VUCA, short for volatility, uncertainty, complexity, and ambiguity, was starting back in the early of 1990s. This term is created by US army in the end of Cold War to describe the situation at that time. In today’s global supply chain, where product’s movement is no longer bounded by geographical area, which means more parties involved, greater and diverse risk, the more it is susceptible to unforeseen circumstances as well as fluctuations on price, and potential of global weather disturbances, VUCA can be said as our new global logistics and supply chain challenges in 21st century.
Volatility, Uncertainty, Complexity, and Ambiguity or VUCA are considered as the driver to provide accurate description of current business environment and it’s direct impact on supply chains (Miles, 2011). Miles also listed the element of VUCA as buyer’s market, globalization, corporate churn, reputation, and regulation.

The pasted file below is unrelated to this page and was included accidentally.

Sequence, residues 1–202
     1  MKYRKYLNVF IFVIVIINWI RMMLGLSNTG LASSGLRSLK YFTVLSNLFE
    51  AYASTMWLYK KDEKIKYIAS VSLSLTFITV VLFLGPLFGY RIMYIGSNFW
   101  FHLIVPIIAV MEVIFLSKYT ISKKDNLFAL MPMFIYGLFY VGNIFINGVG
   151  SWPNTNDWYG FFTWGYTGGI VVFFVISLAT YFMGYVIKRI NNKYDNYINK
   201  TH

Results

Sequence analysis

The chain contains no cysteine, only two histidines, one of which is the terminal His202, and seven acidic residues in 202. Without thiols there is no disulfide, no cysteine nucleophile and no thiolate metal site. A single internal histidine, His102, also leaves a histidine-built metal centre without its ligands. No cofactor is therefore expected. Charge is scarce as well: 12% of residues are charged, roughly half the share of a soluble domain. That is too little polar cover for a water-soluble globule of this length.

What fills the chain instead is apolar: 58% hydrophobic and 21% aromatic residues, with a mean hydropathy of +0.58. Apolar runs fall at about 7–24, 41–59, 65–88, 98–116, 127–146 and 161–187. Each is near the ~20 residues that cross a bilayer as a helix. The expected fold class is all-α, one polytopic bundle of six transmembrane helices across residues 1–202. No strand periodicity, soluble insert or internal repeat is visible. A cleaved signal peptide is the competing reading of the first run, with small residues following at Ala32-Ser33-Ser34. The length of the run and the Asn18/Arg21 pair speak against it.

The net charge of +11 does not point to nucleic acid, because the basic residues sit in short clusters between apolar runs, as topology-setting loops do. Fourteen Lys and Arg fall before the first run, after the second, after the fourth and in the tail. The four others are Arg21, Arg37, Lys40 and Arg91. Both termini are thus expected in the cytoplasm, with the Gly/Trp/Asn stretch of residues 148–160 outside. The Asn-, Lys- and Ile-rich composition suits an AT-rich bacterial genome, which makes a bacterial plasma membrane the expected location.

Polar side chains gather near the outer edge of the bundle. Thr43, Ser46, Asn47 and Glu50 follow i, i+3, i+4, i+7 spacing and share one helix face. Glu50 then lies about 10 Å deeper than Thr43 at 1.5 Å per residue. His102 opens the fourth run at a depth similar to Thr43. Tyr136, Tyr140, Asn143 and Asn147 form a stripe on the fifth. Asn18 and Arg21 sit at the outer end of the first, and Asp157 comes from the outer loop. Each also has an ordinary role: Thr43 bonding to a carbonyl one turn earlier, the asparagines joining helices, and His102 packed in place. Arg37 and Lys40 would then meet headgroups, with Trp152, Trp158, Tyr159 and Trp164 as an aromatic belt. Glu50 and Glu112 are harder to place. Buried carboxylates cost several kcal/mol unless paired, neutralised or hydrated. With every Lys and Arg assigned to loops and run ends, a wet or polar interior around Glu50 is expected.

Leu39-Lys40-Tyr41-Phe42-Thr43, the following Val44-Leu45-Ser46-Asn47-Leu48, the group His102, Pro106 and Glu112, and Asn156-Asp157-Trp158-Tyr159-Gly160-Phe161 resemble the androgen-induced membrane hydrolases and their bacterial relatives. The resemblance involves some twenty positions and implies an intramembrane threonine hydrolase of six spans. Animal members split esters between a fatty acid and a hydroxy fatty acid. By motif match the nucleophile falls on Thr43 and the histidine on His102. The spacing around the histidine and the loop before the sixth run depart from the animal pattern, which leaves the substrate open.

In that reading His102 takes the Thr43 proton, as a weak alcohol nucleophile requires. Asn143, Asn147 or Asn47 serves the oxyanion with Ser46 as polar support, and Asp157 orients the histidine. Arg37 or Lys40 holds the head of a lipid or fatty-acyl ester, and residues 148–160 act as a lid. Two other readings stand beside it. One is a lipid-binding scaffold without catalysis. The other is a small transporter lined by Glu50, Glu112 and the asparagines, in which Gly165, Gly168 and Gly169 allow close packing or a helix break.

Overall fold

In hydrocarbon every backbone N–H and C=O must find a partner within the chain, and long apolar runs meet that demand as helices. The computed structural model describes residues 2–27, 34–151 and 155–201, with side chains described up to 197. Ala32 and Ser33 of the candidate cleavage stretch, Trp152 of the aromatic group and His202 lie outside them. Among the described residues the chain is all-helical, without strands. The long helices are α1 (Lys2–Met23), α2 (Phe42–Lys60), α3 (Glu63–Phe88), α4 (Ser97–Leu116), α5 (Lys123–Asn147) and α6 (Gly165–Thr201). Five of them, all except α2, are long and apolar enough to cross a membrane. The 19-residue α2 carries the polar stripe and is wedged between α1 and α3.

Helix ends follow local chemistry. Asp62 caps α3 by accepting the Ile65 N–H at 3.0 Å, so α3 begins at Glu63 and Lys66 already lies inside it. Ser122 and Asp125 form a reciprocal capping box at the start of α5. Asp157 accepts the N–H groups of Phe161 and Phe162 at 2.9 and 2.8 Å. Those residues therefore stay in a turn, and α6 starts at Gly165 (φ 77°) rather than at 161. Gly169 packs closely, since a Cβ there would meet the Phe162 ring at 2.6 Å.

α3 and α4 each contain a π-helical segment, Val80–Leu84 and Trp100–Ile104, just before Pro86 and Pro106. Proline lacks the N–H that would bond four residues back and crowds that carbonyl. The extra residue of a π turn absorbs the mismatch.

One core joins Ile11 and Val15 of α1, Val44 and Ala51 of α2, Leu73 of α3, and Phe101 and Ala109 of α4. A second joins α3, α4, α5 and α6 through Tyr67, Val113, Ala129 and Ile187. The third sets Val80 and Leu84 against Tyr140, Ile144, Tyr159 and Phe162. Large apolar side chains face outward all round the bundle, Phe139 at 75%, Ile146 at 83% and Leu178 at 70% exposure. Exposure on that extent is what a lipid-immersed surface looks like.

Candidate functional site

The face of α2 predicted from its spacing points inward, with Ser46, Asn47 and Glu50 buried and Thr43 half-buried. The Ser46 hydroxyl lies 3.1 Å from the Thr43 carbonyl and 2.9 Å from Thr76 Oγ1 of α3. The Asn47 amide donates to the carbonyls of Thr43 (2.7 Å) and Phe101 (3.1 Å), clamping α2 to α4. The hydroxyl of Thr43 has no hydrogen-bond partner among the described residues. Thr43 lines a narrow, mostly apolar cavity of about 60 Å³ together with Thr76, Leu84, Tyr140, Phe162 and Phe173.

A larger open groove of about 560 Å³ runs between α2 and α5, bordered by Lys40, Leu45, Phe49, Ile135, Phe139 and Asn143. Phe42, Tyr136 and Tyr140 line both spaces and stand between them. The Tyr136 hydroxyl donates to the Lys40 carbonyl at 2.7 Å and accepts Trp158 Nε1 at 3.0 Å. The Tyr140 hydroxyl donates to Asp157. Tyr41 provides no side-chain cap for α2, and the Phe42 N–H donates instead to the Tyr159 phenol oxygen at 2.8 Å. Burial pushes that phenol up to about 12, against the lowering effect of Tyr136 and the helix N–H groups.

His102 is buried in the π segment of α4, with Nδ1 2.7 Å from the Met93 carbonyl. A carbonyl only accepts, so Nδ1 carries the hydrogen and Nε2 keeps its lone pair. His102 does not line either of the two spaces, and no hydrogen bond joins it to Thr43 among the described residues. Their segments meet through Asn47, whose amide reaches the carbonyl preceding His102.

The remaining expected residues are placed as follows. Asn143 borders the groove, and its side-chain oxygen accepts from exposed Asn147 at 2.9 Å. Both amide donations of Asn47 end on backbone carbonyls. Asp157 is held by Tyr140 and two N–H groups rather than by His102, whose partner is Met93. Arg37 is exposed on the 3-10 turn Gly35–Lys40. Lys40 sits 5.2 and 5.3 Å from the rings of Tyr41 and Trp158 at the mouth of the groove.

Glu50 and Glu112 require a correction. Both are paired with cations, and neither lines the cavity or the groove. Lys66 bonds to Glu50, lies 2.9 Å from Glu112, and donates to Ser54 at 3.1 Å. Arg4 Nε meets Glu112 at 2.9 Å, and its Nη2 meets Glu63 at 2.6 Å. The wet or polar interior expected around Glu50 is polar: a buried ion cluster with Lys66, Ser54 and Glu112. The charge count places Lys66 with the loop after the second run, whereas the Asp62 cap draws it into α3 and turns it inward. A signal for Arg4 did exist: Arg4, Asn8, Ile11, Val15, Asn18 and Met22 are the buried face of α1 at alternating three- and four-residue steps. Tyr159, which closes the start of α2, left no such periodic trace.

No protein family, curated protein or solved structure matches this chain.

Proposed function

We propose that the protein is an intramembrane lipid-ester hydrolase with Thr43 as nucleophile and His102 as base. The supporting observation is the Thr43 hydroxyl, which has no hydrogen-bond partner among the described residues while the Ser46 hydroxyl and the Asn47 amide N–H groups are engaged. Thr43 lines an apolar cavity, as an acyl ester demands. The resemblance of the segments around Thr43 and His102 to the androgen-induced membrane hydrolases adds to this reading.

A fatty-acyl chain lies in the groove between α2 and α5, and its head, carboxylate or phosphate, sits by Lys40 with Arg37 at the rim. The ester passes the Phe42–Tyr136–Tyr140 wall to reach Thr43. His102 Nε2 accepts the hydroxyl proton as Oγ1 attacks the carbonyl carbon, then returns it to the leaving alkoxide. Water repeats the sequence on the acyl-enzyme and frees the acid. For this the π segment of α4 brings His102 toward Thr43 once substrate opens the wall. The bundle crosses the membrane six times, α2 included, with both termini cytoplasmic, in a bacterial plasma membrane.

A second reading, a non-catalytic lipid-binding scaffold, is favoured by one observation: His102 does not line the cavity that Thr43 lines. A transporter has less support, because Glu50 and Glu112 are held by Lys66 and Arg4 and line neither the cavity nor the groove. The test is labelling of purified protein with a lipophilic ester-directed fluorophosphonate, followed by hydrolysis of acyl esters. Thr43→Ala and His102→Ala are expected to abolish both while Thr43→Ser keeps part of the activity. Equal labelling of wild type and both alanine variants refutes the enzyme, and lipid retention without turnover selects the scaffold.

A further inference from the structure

Another expert, Sullivan (2012) identified VUCA as an acronym for an rapid changing environment with fluctuating trend known as Volatility, the situation when major disruptive changes occur frequently which is known as Uncertainty, the existence of enormous causes which are difficult to understand known as Complexity, and when the causes and the different circumstances behind the things lead to different understanding which is known as Ambiguity.
There are 2 types of volatility in supply chains, which are economic volatility and demand volatility. There are several factors that contributed to such disruption of economic volatility such as availability and price of primary commodities, currency fluctuations, geopolitical events, and etc. Somehow, companies may turn such economic volatility into their competitive advantage if they are more agile so that it becomes opportunity rather than threat. While in demand volatility there are factors such as increasing customer choices, product customization, rapid technological improvements, global competition and upstream supply fluctuations. Traditionally, supply chain processes were designed push-driven rather than pull-driven, but now the trend shows a different fact.